Put another way, the Torsen differential boosts rear axle traction mechanically, rather than by applying single-wheel braking or cutting engine power, which slows the car down. The result, from the driver’s seat, is a feeling of more grip, more confidence, added stability, and a near-nil sensation of the electronics fighting against your pedal inputs when throttling the car out of a fast corner.

A True Driver’s Car, Not a Cruiser


The GR86’s screaming revs, eager rear axle and light-at-the-controls feel work with a clutch and shifter that reward your quickest gearshifts. This pulls some seriously sporty signals into the enthusiast’s daily drive, while use in a track setting ignites the car’s character and brings it all to life at the tips of your fingers and toes.

Of course, there are a few compromises: highway cruising range is relatively low thanks to a small-ish fuel tank and high cruising revs with the manual gearbox, cargo and rear seat space are limited, on-board noise levels are elevated in some situations, and the racy seats did see your writer requiring an occasional upper-back stretch on longer drives.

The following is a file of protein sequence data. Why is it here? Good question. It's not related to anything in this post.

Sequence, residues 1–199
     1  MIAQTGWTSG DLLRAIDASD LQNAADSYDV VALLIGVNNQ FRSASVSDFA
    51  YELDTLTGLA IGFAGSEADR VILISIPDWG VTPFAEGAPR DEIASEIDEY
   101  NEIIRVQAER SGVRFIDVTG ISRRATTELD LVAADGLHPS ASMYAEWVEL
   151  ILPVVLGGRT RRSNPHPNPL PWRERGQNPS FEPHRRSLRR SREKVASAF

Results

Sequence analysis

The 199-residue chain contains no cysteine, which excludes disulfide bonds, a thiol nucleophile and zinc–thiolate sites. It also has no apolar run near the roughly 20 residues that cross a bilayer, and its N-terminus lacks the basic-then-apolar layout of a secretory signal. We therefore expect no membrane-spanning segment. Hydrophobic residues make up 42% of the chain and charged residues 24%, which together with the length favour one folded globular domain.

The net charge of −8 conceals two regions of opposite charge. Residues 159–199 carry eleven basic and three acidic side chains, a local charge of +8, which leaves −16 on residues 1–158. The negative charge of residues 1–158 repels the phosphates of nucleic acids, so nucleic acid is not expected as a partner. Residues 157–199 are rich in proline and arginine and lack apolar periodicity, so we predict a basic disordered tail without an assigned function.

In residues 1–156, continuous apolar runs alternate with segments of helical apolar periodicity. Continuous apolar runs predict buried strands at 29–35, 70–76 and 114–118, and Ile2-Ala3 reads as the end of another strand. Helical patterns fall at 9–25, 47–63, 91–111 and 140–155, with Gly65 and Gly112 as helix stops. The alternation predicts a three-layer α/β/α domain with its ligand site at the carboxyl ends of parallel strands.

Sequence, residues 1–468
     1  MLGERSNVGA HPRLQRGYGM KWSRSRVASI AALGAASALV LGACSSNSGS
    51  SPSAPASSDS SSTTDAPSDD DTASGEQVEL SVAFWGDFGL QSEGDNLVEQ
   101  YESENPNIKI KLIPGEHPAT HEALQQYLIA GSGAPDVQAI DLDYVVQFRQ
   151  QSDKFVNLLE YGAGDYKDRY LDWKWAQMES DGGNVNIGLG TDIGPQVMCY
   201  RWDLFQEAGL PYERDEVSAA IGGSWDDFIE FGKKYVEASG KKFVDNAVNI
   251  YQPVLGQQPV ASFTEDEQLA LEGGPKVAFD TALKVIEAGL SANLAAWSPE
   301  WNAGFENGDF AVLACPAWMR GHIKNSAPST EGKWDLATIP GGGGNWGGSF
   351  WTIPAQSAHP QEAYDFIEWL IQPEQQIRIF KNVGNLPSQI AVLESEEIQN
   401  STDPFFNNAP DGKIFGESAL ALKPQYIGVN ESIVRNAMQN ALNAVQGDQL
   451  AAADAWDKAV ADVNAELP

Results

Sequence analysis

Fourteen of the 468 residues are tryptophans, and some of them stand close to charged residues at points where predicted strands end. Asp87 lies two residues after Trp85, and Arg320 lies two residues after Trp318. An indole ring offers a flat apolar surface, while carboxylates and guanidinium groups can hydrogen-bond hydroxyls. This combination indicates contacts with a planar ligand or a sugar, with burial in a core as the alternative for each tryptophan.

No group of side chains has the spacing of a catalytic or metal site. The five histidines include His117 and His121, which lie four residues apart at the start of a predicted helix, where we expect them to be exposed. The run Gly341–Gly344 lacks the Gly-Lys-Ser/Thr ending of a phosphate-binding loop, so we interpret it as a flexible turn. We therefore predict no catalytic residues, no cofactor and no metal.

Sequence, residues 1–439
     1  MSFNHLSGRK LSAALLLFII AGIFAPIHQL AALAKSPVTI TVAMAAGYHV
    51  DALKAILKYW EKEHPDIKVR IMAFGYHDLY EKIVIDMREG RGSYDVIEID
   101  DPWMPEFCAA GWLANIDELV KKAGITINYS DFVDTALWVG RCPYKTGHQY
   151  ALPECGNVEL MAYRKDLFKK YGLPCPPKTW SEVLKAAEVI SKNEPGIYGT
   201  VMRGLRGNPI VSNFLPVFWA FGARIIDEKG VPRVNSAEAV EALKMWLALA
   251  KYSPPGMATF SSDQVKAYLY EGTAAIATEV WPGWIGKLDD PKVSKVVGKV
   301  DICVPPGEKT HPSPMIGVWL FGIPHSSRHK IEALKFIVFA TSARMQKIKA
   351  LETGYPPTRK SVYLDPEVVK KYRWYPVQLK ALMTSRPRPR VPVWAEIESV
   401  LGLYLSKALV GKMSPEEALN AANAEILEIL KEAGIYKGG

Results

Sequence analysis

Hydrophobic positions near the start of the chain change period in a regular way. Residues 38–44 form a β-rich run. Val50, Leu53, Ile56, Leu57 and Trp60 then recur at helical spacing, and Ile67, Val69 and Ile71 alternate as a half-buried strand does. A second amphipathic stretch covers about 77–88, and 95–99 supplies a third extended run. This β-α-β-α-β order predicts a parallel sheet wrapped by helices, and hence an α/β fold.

Still, as a machine designed as a sports car from the get-go, the GR86 has massive appeal for fans of a high-revving, lightweight, all-motor thrill ride and sets up an athletic driving experience that’s virtually unmatched for the dollar.

Track Testing Toyota GR Corolla

The GR Corolla is a highly-specialized version of Toyota’s popular hatchback. Largely hand-built at Motomachi assembly facility by expert builders, it employs an application-specific engine like all GR models. In this case, a power unit dubbed “G16E-GTS” by the engineers.

It’s a remarkable turbocharged three-cylinder of 1.6 litres displacement, generating 300 horsepower and up to 295 lb.-ft of torque. That’s routed to all four wheels via a custom-developed all-wheel drive (AWD) system called GR-FOUR, which allows drivers to select from three custom torque-split settings on the fly.

Differentials Make the Difference

A twist of the console-mounted dial engages either the front-biased (60/40) torque split setting, the rear-biased (30/70) setting, or an even split (50/50) setting. The selected torque split is permanent: once selected, power is divvied as selected between the axles with no further electronic adjustment.

SEE ALSO: 2023 Toyota GR Corolla Review First Drive: Sporty Toyota International

Remember the traction-enhancing TORSEN axle from the GR86, above? The GR Corolla uses two of them– one up front, and one in the back. The result, from the driver’s seat, is a sensation of immense bite and traction, with virtually no need for the traction control system to intervene even when drivers call up maximum throttle early to vacate a tight bend.

Wider, Stiffer, More Aerodynamic